research

I’m reading about patronage of orchestras in preparation for a study session.  This was in “The Birth of a Symphony Orchestra,” by John K. Sherman in Minnesota History, Vol. 33, No. 3, Autumn 1952:

A huge cluster of chrysanthemums, an exclamatory blob of pink, shared the stage’s center with the dark, svelte figure of the conductor on the platform. Above and around the half-hundred seated musicians was festive green that rebuked the November chill outside, with potted palms tracing waxy curves and a festoon of yellow blooms making a blithe border around the stage

People don’t wax so poetic about conductors anymore, really.  And yet, there are also descriptions of the role of the conductor and his relationship to the ensemble that could ring true even in a ensemble of today:

At rehearsals he was both a witty wooer and despotic taskmaster. He could make sly asides, once alluding to a suave passage from a French composer’s work: “Catch a Frenchman writing anything hard.” Then, with the suddenness of a thunderclap, he would break out in a blistering tirade against his erring and perspiring singers. A trembling Philharmonic alto one night returned to her home and wrote in her diary: “At rehearsal Mr. Oberhoffer maligned, browbeat, ridiculed and all but bodily attacked the basses and tenors. He got more quiet about 10 o’clock and let us all leave in safety.”

The weekly Philharmonic rehearsals were… often turbulent sessions, seasoned with sarcastic humor… The choristers rallied for new and keener effort after such attacks; they accepted the scathing rebukes as part of their training from a man who intensely wished them to be as good as they could be, and they relished his wit, which was as often playful as destructive. After rehearsals they were wont to crowd around his stand for what further insights and suggestions he might offer. He offered much, and not all of it was technical instruction. His learning and interests leaped musical boundaries; by the time the choristers had mastered “Samson and Delilah,” most of them felt they had taken a course of instruction in biblical history.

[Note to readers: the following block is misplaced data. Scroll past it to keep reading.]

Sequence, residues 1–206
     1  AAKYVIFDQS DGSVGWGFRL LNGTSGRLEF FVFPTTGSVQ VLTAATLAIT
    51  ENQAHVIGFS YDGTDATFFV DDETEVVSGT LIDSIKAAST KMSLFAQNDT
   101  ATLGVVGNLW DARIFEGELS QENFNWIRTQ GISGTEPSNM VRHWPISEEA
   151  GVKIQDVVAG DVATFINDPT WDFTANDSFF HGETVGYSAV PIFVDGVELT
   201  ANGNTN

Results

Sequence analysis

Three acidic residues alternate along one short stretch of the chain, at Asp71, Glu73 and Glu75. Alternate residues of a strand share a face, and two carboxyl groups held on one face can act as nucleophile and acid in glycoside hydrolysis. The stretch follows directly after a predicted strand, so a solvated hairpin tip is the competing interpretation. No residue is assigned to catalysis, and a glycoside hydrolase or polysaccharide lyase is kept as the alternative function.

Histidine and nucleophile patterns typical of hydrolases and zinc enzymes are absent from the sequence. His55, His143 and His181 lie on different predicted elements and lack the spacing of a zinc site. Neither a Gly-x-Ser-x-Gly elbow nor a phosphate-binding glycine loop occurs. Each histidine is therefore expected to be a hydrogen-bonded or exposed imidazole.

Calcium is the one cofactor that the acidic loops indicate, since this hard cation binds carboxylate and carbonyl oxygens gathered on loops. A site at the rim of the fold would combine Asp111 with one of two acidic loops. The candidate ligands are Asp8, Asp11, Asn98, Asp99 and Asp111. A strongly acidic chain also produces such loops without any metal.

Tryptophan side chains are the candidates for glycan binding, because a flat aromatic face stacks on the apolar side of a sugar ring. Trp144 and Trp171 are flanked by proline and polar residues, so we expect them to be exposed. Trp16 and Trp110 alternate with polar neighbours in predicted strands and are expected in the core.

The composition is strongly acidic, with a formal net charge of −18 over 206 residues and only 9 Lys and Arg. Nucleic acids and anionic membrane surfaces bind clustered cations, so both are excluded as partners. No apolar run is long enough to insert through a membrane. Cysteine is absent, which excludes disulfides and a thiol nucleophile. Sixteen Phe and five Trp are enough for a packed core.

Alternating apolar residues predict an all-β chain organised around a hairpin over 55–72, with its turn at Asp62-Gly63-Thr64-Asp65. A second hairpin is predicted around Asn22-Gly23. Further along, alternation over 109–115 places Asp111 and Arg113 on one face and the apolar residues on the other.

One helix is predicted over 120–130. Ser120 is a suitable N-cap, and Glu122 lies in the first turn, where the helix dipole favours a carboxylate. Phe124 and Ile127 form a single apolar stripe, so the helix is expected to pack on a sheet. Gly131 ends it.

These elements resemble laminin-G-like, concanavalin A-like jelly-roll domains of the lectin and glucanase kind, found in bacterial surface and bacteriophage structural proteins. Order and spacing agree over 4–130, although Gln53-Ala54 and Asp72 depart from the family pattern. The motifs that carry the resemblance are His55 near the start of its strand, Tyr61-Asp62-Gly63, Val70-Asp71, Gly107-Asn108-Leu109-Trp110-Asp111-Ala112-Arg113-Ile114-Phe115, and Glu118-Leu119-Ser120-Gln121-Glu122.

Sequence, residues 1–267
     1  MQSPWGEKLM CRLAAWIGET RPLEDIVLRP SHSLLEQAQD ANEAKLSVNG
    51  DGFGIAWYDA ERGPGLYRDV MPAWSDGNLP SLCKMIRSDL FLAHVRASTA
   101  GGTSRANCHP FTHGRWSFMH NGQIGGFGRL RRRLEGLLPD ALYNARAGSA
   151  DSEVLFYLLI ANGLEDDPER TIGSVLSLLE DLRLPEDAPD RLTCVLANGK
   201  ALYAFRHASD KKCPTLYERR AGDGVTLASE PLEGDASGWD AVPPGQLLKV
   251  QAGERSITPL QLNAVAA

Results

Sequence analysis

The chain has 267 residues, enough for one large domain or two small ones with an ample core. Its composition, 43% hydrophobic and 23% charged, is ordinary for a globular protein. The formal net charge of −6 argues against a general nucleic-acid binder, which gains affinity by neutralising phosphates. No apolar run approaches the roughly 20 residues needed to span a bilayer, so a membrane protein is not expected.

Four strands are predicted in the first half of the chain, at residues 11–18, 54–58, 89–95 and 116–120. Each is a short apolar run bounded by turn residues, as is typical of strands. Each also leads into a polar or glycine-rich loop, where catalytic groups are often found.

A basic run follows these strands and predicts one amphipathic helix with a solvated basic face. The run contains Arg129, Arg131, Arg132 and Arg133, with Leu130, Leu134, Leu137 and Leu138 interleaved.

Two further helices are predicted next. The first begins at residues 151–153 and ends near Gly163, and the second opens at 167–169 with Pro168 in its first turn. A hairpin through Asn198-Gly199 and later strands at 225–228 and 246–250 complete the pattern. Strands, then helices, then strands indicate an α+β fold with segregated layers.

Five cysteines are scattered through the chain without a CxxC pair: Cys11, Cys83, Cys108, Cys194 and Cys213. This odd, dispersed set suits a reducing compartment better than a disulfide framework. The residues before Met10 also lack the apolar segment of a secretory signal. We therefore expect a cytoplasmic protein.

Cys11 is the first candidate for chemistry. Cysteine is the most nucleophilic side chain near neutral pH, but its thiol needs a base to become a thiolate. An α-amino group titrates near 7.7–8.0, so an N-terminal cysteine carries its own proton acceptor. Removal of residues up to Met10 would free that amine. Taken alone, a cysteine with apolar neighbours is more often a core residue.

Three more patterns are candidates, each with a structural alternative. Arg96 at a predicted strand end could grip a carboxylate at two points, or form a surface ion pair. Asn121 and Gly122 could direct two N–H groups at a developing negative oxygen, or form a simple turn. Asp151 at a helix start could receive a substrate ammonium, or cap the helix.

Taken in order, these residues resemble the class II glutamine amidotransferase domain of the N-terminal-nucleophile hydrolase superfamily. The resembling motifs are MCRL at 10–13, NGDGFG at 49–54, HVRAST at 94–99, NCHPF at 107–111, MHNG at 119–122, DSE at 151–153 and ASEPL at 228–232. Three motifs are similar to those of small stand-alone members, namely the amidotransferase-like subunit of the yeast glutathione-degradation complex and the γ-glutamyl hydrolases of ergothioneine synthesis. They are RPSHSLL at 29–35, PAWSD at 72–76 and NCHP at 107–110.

I cringe when I read this.  It evokes slightly scary images in my mind of cult-of-personality dictators.  Again, we see the unquestioned patriarchy, the condescending affection of a snob for his admirers, the conditional love of a manipulative despot.  Maybe.  Or maybe I’m reading more into it than is there.  But it bothers me.

This culture is so old–this article described a community ensemble during Victoria’s reign!–maybe it’s archetypal.  The worship of a student for the teacher, the search for approval from our betters… maybe it’s deeply rooted in the our earliest relationships.  Maybe we’re always looking for new surrogate parents to please.

And maybe there isn’t anything wrong with that, and it’s my own personal issues that prevent me from being able to enjoy that kind of discipleship.

Oof.

Or maybe I’m just bitter that I may never share the stage with an “exclamatory blob of pink.”

 

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